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Original Research ARTICLE

Front. Commun., 19 July 2019 | https://doi.org/10.3389/fcomm.2019.00039

Age and Proficiency in the Bilingual Brain Revisited: Activation Patterns Across Different L2-Learner Types

Tomasina M. Oh1,2*, Steven Graham3, Philina Ng1, Ing Berne Yeh4, Bernard P. L. Chan5 and Andrew M. Edwards6
  • 1Department of English Language and Literature, National University of Singapore, Singapore, Singapore
  • 2School of Sport, Health and Wellbeing, Plymouth Marjon University, Plymouth, United Kingdom
  • 3Functional Brain Imaging Lab, Department of Psychology, A*STAR-NUS Clinical Imaging Research Centre, Yong Loo Lin School of Medicine, National University of Singapore, Singapore, Singapore
  • 4Ng Teng Fong General Hospital, Jurong Health Services, Singapore, Singapore
  • 5Division of Neurology, National University Hospital, Singapore, Singapore
  • 6School of Human and Life Sciences, Canterbury Christ Church University, Canterbury, United Kingdom

Second language (L2) proficiency and age of acquisition (AoA) are important when examining L2 neural representation. However, they are potential confounds of each other and their relative importance remains unclear. How L2 was learnt (informally vs. formally at school) is another complication that potentially contributes further to this lack of clarity. Careful control of these variables is crucial for teasing apart their effects, yet almost all previous neuroimaging studies have studied one or the other in isolation. Thirty five participants of varying proficiency and AoA were scanned using fMRI while performing an English (L2) past tense task; all were formal L2 learners. Early high proficiency bilinguals (EAHP) were contrasted with late high proficiency (LAHP) in three conditions: (i) regular inflection; (ii) irregular inflection; and (iii) regularity × AoA. In line with previous findings, LAHP (vs. EAHP) bilinguals showed more extensive activation across multiple regions for both regular and irregular inflection. The left inferior frontal gyrus (IFG; BA47) was one region that showed significant activation in condition (iii). EAHPs engaged this region selectively for regular but not irregular inflection while LAHPs activated it during both types of inflection. Late high and late low proficiency (LALP) bilinguals were also contrasted in three conditions: (i) regular inflection; (ii) irregular inflection; and (iii) regularity × proficiency. In all regions showing significant differences, LAHPs showed greater activation relative to LALPs (regular and irregular conditions). In the regularity × proficiency condition the left IFG was also a significantly activated region. Previous studies suggest this region is positively associated with high proficiency but this has not always been replicated. LAHPs showed increased activation in BA45 but not BA44, suggesting L2 is a controlled rather than automatic process in this group despite being highly proficient. Our study suggests AoA and proficiency both influence bilingual brain activation independently, an important replication given only two other neuroimaging studies have experimentally manipulated both variables within the same study. We also provide evidence for how different AoA influences left IFG engagement during L2 processing, and for the hypothesis that BA45 is associated with high proficiency when degree of automaticity is lower.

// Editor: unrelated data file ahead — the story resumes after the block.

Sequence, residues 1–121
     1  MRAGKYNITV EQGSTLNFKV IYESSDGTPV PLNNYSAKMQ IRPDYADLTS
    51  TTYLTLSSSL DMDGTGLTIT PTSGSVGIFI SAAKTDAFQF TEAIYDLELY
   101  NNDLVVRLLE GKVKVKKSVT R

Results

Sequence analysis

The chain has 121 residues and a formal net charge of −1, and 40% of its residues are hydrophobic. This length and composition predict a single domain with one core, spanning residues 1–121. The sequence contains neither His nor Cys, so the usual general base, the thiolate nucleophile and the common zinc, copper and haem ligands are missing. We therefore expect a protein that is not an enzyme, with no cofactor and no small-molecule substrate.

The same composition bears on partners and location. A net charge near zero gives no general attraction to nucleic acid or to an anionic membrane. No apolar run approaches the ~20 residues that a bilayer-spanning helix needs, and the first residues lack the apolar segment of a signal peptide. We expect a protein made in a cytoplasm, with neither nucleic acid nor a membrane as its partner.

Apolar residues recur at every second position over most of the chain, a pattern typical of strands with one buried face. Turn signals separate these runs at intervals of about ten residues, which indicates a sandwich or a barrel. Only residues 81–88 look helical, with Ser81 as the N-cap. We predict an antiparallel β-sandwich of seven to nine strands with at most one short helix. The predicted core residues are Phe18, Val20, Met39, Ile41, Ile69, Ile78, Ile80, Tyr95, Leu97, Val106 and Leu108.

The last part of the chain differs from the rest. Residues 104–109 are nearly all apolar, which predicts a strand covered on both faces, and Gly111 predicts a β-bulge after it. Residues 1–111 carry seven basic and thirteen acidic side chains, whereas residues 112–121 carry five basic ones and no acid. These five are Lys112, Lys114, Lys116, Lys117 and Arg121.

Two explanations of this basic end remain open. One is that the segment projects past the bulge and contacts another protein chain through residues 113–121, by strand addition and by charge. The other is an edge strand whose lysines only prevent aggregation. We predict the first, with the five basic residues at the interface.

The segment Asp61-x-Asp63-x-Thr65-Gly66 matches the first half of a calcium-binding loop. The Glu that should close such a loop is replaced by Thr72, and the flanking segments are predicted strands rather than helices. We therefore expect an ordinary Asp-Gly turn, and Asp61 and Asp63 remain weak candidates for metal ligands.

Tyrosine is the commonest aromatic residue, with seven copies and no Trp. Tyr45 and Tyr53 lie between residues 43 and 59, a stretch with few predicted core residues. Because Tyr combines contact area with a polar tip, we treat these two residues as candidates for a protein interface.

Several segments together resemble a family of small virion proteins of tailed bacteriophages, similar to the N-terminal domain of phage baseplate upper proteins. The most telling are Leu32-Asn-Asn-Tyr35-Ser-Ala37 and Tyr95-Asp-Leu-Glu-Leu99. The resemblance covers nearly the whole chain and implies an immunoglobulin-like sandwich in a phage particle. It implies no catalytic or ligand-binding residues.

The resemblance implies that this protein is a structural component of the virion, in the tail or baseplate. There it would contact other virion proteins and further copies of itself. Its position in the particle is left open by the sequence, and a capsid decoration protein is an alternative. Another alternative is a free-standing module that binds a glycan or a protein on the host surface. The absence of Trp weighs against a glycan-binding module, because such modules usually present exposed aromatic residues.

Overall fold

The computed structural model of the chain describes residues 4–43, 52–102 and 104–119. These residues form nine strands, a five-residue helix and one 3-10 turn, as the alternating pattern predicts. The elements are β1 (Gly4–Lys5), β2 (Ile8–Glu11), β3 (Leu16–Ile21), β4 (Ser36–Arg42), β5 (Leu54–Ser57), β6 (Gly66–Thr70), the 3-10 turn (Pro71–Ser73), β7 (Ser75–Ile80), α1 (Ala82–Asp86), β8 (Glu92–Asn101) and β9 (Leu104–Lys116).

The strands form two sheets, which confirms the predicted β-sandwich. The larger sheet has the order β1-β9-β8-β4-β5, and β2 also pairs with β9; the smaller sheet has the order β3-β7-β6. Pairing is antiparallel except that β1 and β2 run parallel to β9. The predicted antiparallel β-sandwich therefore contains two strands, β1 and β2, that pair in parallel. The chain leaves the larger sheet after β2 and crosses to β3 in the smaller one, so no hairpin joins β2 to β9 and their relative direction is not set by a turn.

Introduction